As anyone who’s sat through painful political dinner-party conversation knows, there seems to be a direct relationship between the volume of a person’s voice and the wrongness of their facts. This appears to be true of not just political views, but opinions on genetically modified foods as well. A new study published this week in the London-based journal Nature Human Behaviour found that people most opposed to GMOs (stands for “genetically modified organisms”) not only are the least knowledgable about their science, but those same critics report knowing the most—a winning combination.
In a nationally representative survey of 2,000 American adults, researchers from American and Canadian universities asked respondents to rank, on a scale of 1 to 10, how concerned and how opposed they are to genetically modified foods. They were then asked how confident they felt in their knowledge of science and genetics. Finally, the adults were presented with questions about basic science and genetics, such as “True or false: Ordinary tomatoes do not have genes, whereas genetically modified tomatoes do.”
Analyzing the findings, researchers concluded that “We find that as extremity of opposition to and concern about genetically modified foods increases, objective knowledge about science and genetics decreases, but perceived understanding of genetically modified foods increases.” Put even more simply: People who know the least think they know the most, and are more often wrong about scientific facts.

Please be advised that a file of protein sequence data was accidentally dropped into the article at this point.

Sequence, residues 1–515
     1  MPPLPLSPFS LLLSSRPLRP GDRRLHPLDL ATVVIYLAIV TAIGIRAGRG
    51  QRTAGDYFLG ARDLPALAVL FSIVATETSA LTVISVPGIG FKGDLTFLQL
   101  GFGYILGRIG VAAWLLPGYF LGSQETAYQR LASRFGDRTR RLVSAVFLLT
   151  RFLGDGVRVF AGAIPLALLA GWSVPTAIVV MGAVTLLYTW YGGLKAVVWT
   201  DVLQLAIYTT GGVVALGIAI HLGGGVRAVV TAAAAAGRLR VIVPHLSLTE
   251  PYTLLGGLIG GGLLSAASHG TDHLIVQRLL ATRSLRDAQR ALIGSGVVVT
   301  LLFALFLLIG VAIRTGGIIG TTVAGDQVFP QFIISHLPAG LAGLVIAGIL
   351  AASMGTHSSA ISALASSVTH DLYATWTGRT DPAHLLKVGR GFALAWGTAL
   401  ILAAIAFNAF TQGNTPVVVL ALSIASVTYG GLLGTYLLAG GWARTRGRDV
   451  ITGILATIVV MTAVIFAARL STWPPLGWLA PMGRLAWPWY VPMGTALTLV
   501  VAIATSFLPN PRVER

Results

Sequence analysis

This is problematic news for scientists, who have stated that they find foods containing genetically modified ingredients to be no less safe than those made with ingredients modified by “conventional” techniques. Even as scientists advance this message, the percentage of consumers who say they avoid foods made with GMOs has increased from 15 percent in 2007 to 46 percent in 2018.
While the survey’s findings may be disheartening, they’re not entirely surprising: “This result is perverse, but is consistent with previous research on the psychology of extremism,” Phil Fernbach, the study’s lead author and a professor of marketing at University Of Colorado Boulder, said in a release. “Extreme views often stem from people feeling they understand complex topics better than they do.”